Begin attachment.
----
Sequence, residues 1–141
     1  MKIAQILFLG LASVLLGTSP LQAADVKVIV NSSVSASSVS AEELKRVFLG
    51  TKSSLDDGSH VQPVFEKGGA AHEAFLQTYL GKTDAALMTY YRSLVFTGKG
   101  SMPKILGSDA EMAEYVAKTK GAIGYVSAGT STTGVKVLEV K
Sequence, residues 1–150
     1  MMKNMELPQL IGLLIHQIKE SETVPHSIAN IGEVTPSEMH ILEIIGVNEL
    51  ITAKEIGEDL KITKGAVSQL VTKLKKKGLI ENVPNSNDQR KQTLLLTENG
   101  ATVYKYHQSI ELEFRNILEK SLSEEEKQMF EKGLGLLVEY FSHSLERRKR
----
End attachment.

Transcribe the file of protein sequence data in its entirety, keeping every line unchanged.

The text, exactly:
Sequence, residues 1–141
     1  MKIAQILFLG LASVLLGTSP LQAADVKVIV NSSVSASSVS AEELKRVFLG
    51  TKSSLDDGSH VQPVFEKGGA AHEAFLQTYL GKTDAALMTY YRSLVFTGKG
   101  SMPKILGSDA EMAEYVAKTK GAIGYVSAGT STTGVKVLEV K
Sequence, residues 1–150
     1  MMKNMELPQL IGLLIHQIKE SETVPHSIAN IGEVTPSEMH ILEIIGVNEL
    51  ITAKEIGEDL KITKGAVSQL VTKLKKKGLI ENVPNSNDQR KQTLLLTENG
   101  ATVYKYHQSI ELEFRNILEK SLSEEEKQMF EKGLGLLVEY FSHSLERRKR